_{z}^{A}X for the representation of nuclei - strong nuclear force; short-range nature of the force; attractive to about 3 fm and repulsive below about 0.5 fm 1 fm = 10
^{–15} - radius of nuclei; R = r
_{o}A^{⅓}where r_{o}is a constant and A is the nucleon number - mean densities of atoms and nuclei.

#### Fundamental particles

You will cover:

- particles and antiparticles; electron-positron, proton-antiproton, neutron-antineutron and neutrino-antineutrino
- particle and its corresponding antiparticle have same mass; electron and positron have opposite charge; proton and antiproton have opposite charge
- classification of hadrons; proton and neutron as examples of hadrons; all hadrons are subject to the strong nuclear force
- classification of leptons; electron and neutrino as examples of leptons; all leptons are subject to the weak nuclear force
- simple quark model of hadrons in terms of up (u), down (d) and strange (s) quarks and their respective anti-quarks
- quark model of the proton (uud) and the neutron (udd)
- charges of the up (u), down (d), strange (s), anti-up u̅ , anti-down d̅ and the anti-strange s̅ quarks as fractions of the elementary charge e
- beta-minus (β
^{–}) decay; beta-plus (β^{+}) decay - (β
^{–}) decay in terms of a quark model; d → u + e^{–}+ ν - (β
^{+}) decay in terms of a quark model; u → d + e^{–}+ ν̅ - balancing of quark transformation equations in terms of charge
- decay of particles in terms of the quark model.

#### Radioactivity

You will cover:

- radioactive decay; spontaneous and random nature of decay
- α-particles, β-particles and γ-rays; nature, penetration and range of these radiations
- techniques and procedures used to investigate the absorption of α–particles, β-particles and γ–rays by appropriate materials
- nuclear decay equations for alpha, beta-minus and beta-plus decays; balancing nuclear transformation equations
- activity of a source; decay constant λ of an isotope; A = λN
- half-life of an isotope; λt
_{½}= ln(2) - techniques and procedures used to determine the half-life of an isotope such as protactinium
- the equations A = A
_{o}e^{–λt}and N = N_{o}e^{–λt}where A is the activity and N is the number of undecayed nuclei - simulation of radioactive decay using dice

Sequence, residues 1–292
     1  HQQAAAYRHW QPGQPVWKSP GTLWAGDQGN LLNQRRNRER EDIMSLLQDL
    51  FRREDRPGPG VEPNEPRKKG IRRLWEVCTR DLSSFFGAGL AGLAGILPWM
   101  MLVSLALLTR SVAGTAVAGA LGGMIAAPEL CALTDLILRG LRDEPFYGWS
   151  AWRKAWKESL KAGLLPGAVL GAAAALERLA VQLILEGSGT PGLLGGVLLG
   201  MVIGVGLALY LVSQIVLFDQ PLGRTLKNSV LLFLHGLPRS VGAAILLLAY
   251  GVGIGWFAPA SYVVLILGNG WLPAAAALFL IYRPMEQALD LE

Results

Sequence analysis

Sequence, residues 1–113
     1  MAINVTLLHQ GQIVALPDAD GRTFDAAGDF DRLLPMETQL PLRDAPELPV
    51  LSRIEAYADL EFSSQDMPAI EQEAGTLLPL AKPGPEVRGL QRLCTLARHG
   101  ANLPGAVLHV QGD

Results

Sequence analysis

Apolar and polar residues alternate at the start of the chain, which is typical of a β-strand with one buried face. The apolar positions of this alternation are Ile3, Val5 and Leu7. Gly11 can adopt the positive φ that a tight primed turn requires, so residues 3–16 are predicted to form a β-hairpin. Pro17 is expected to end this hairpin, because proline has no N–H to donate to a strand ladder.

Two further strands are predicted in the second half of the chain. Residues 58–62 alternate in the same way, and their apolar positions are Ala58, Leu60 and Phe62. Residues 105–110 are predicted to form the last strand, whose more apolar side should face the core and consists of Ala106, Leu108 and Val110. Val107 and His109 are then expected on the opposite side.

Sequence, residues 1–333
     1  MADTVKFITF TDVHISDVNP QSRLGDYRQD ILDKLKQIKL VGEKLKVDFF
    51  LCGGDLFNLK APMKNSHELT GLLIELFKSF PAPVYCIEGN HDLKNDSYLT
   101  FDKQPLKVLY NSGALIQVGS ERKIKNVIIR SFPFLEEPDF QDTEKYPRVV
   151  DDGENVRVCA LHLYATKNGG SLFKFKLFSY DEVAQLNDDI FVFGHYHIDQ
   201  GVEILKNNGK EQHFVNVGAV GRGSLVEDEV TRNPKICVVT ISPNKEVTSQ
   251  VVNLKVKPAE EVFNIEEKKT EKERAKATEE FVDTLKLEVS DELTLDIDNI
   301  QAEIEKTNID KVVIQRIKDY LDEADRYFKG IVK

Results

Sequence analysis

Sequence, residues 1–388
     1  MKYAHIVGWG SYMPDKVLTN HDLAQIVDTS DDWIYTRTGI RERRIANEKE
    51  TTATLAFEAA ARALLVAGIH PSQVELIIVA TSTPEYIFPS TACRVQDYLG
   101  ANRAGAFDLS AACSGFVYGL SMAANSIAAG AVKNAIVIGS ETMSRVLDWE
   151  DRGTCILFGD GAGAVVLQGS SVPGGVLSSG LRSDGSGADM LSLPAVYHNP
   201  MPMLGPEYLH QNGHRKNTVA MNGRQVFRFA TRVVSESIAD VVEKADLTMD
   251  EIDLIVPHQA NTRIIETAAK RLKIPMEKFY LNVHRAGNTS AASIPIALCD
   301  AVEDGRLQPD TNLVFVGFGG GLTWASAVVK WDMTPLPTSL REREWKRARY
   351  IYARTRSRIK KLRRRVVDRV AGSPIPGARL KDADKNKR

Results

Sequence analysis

- graphical methods and spreadsheet modelling of the equation ΔN/Δt = –λNfor radioactive decay
- radioactive dating, e.g. carbon-dating

#### Nuclear fission and fusion

You will cover:

- Einstein’s mass-energy equation; ΔE = Δmc
^{2} - energy released (or absorbed) in simple nuclear reactions
- creation and annihilation of particle-antiparticle pairs
- mass defect; binding energy; binding energy per nucleon
- binding energy per nucleon against nucleon number curve; energy changes in reactions
- binding energy of nuclei using ΔE = Δmc
^{2}and masses of nuclei - induced nuclear fission; chain reaction
- basic structure of a fission reactor; components – fuel rods, control rods and moderator
- environmental impact of nuclear waste
- nuclear fusion; fusion reactions and temperature
- balancing nuclear transformation equations

#### 6.5 Medical imaging

Non-invasive techniques: X-rays, CAT scans, PET scans and ultrasound scans.

#### Using X-rays

You will cover:

- basic structure of an X-ray tube; components – heater (cathode), anode, target metal and high voltage supply
- production of X-ray photons from an X-ray tube
- X-ray attenuation mechanisms; simple scatter, photoelectric effect, Compton effect and pair production
- attenuation of X-rays; I = I
_{o}e^{–μx}, where μ is the attenuation (absorption) coefficient - X-ray imaging with contrast media; barium and iodine
- computerised axial tomography (CAT) scanning; components – rotating X-tube producing a thin fan-shaped X-ray beam, ring of detectors, computer software and display
- advantages of a CAT scan over an X-ray image

#### Diagnostic methods in medicine

You will cover:

- medical tracers; technetium-99m and fluorine-18
- gamma camera; components – collimator, scintillator, photomultiplier tubes, computer and display; formation of image
- diagnosis using gamma camera
- positron emission tomography (PET) scanner; annihilation of positron-electron pairs; formation of image
- diagnosis using PET scanning

#### Using ultrasound

You will cover:

1. ultrasound; longitudinal wave with frequency greater than 20 kHz

2. piezoelectric effect; ultrasound transducer as a device that emits and receives ultrasound

3. ultrasound A-scan and B-scan

4. acoustic impedance of a medium; Z = ρc

5. reflection of ultrasound at a boundary

6. impedance (acoustic) matching; special gel used in ultrasound scanning

7. Doppler effect in ultrasound; speed of blood in the patient;

8. Δf/f = 2vCosθ/c for determining the speed v of blood.